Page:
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In the below picture you can see the 4 steps that take the visitor from the entrance door to the main floor.

The floor guy will install 3/8" subfloor over the existing diagonal boards that are sitting on top of the main floor joists

The engineered hardwood is 3/4" The existing hardwood floor is 3/8"
The steps are 1" solid maple

All the above will raise the main floor floor with 3/4" which will bring the top step 3/4" higher than the ones below it. In order to fix this I could probably install hardwood on all the steps in the picture but then that moves the problem to the bottom step which is just above a tiled area at the entrance

What can be done here to set the risers at proper height?

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The stairs are made of 1" solid red oak.

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  • Is the existing hardwood damaged beyond repair or you just don't want to sand and refinish? What is the local regulations concerning the range of different step heights? How are the steps made? With wood stringers or cement or steel.
    – crip659
    Sep 3, 2022 at 12:20
  • solid wood read oak. Existing floor is 60Y old 3/8" installed on these planks and it is horrible. It needs to go leaving that there is out of question. Here is the Ontario Building code buildingcode.online/420.html
    – MiniMe
    Sep 3, 2022 at 12:26
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    Surprising that 60 year old red oak flooring is only 3/8" thick. Usually it is 3/4" T&G.... perhaps it is and only able to see the top of the wood floor above the tongue and groove? The stuff is surprisingly refinish able. I have seen floors with glued down with asphalt based glue sanded down and finished beautifully. Some that have had other material nailed severely over it, cleaned up and refinished turned out really nice too.
    – Jack
    Sep 3, 2022 at 15:46

2 Answers 2

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The important thing to get right when building steps is to get all the risers exactly the same height. A 3/4" difference between adjacent risers is sure to cause stumbling and tripping. OTOH an increase of 3/16" in each riser is probably not noticeable.

You could add hardwood on the treads, but not the same thickness on all treads. You could shim the treads on the stringers. You could replace the stringers.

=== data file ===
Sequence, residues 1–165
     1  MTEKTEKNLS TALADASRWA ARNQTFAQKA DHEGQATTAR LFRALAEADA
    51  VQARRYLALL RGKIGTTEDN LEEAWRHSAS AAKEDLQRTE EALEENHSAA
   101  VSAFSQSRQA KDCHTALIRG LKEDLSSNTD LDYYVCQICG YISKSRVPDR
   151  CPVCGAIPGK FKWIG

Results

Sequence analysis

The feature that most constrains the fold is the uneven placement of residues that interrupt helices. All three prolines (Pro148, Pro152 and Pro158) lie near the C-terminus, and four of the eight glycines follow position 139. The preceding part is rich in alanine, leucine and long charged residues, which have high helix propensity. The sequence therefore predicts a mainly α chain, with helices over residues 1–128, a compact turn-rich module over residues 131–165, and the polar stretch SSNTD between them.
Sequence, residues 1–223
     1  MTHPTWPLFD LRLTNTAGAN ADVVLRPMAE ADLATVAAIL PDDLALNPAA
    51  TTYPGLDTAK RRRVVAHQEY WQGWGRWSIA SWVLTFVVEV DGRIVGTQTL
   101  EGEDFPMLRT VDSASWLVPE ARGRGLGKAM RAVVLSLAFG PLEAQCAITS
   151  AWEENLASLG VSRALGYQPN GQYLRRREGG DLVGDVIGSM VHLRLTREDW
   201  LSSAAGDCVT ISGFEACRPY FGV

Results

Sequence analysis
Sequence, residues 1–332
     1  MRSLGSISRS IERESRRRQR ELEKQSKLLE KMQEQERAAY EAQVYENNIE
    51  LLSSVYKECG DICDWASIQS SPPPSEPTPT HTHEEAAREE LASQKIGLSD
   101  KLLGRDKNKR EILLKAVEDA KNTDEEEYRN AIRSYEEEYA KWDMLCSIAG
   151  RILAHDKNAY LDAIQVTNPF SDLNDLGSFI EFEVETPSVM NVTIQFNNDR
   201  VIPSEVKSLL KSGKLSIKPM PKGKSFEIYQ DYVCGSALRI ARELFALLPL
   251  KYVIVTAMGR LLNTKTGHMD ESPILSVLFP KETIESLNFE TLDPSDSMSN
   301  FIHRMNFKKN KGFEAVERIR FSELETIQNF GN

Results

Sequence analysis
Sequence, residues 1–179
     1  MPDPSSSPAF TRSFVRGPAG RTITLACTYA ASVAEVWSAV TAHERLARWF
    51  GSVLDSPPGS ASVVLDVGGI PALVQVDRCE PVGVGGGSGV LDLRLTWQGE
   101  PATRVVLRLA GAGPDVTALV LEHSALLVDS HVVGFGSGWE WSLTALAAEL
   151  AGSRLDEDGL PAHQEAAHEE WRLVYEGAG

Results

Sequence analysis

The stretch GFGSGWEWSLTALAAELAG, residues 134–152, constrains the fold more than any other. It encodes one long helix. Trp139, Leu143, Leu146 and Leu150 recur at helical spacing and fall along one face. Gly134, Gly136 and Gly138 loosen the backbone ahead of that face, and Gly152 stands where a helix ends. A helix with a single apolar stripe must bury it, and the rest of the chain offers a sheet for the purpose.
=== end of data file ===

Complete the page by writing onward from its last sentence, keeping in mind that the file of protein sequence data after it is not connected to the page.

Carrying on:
In any case, if you add 9/16" to the upper step, 3/8" to the middle, and 3/16" to the lower step, the risers will all be 3/16" higher than they are now, and will all be the same height.

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  • installing 3/8" plywood on the main floor and then 3/4" engineered wood will raise that with 3/4" Installing hardwood floor on the steps will raise them 3/4" as well so they will all float upward with 3/4 and they will be in sync. The issue here is that ALL the raisers are now 3/4" higher than the max allowed height which is 8". That means that all the stringers need to be trimmed down 3/4"
    – MiniMe
    Sep 3, 2022 at 22:23
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    Pretty sure this is not correct. Adding 3/4" to the top floor and to all treads will make them all the same rise as they were before except for the bottom step which will be 3/4" higher than before because the tile is not being raised.
    – Kyle
    Sep 3, 2022 at 22:28
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To be Ontario code compliant, your only options are to either rebuild the stairs or re-do the tile floor and raise it to make all your risers equal.

Re-building the stairs seems the logical choice so the finish floor to finish floor riser height can be calculated correctly regardless of what your stair treads are made of.

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  • cutting a strip from the horizontals of the stringers is also an option isn't it?
    – MiniMe
    Sep 3, 2022 at 20:18
  • @MiniMe: Trimming the risers can only lower the treads, but they need to be raised. - But the risers could be raised by nailing strips of hardwood to the bottom. Then trimming becomes feasible. Sep 3, 2022 at 21:55
  • see my comment to your reply for the reasons why I need to trim down the risers
    – MiniMe
    Sep 3, 2022 at 22:24
  • Like I said before in my answer- rebuild the stairs. Whether you can re-use existing stringers and treads is your decision. From the new finish top floor to the existing tile bottom floor you are adding 3/4" to the overall rise. I do not believe you will be able to modify the existing stringers to accommodate this. You are maxed out code-wise on your riser height already. To be code compliant you need to add one more tread and riser to your setup.
    – Kyle
    Sep 3, 2022 at 22:34
  • I would suggest contacting your local building authority and see what they suggest, in the end they will either approve it or make you do it over. This can save you a lot of grief in the long run.
    – Gil
    Sep 4, 2022 at 19:36

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